Last week, friends of ours invited us to their barangay (village) for their fiesta, or the celebration of their village’s patron saint. They invited us up for two days…to the fiesta dance party and again the following day for all the great the fiesta food. We declined to attend the dance the night before, mostly because there was too much distance between all the celebrating (the beer), and where we live. Also, when a foreigner shows up for a barangay dance night, it is not uncommon for the foreigner to be asked to participate in the fund rasing activities, or more specifically, the kuratsa dance. There are not many times these days that you’ll find me in a dancing mood, unless someone accidentally throws on some Van Halen at the right time…or something like that.
Though highly popular in Eastern Visayas, the kuratsa is also ‘native’ to almost all the Visayan Islands and there are different versions. The particular version that amuses me most is the Parayaw (showing-off to the point of attracting attention) which refers to the ingenious dance movements usually done by the male dancer to attract or get the attention of his female partner. This dance is likened to a very aggressive cockerel skirting closely with jealously, the hen of his choice. The woman would typically ignore the partner’s parayaw and will continue her dance steps making sure that she evades her partner’s advances. I call it the “Rooster or Chicken dance” to the amusement of the locals. Some older couples really know how to put it on and it can be rather comical and entertaining at times.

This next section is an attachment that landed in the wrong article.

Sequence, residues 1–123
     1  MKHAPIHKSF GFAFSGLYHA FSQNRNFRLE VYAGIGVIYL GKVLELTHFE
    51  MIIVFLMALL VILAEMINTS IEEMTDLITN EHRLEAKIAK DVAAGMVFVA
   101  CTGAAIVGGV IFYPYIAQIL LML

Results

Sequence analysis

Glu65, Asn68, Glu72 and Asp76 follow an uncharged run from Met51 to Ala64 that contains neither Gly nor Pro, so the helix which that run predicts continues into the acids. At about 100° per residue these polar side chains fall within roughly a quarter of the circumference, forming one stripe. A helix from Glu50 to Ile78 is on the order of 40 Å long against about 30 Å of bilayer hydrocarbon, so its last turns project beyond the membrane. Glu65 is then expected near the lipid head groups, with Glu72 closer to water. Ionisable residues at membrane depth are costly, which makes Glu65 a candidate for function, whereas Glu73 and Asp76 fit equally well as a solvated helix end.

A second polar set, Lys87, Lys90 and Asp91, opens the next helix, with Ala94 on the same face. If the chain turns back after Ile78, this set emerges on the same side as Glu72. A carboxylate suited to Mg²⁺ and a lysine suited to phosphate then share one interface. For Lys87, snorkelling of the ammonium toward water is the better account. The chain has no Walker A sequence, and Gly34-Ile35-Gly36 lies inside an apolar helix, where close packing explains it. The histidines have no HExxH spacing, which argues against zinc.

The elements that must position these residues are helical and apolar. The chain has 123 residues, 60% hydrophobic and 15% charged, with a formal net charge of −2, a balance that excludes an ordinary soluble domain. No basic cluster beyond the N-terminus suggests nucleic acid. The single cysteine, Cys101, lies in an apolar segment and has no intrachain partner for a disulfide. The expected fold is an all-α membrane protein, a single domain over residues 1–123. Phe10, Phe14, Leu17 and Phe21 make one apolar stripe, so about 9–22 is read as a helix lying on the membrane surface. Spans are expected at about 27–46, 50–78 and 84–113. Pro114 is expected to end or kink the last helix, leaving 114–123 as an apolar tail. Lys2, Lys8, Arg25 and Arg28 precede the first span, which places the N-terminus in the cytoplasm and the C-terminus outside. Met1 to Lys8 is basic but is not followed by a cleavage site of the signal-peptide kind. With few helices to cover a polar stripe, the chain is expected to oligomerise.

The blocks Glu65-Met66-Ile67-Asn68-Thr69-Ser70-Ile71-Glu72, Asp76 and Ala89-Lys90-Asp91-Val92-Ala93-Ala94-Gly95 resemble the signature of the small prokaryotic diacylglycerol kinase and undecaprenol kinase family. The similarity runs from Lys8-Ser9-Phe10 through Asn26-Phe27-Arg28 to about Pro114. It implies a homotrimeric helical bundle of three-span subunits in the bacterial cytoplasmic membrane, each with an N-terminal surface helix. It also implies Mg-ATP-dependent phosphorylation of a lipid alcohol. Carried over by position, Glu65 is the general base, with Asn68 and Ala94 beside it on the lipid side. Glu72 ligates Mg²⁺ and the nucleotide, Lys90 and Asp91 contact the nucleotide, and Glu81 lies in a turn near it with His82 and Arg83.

Here is a more traditional version of the dance: (watch for the “skirting” towards the end!)
I can’t say that I’ve never been asked to do the kuratsa, and on two separate occasions, I have declined. I’m not much of a dancer and besides, it takes a sufficient amount of liquid courage to get me to make a public spectacle of myself. Some day I will find myself in a position where I won’t be able to decline so easily, I’m sure of it. (I’d better learn this dance just in case!)
Anyway, my friend seemed to have had plenty of liquid courage (dutch courage) the night before and “stole the show,” so he was told. So much so that when we arrived to eat the next day, he was none the worse for wear, and if I hadn’t known any better, I would have thought he was green from sea sickness. He swears that he will never dance again…well, maybe it was the amount of “courage” that he swore off, I’m not so sure. I do know this, I ate his fair share of food that day. I guess you could say I felt sorry for him and it was the neighborly thing to do!
The following video depicts how you should NOT do the kuratsa dance! Then again, what do foreigners know? In any case, the objective is to have a good time and one should hope to garner many donations for your dancing talent! (all proceeds go to the barangay of course)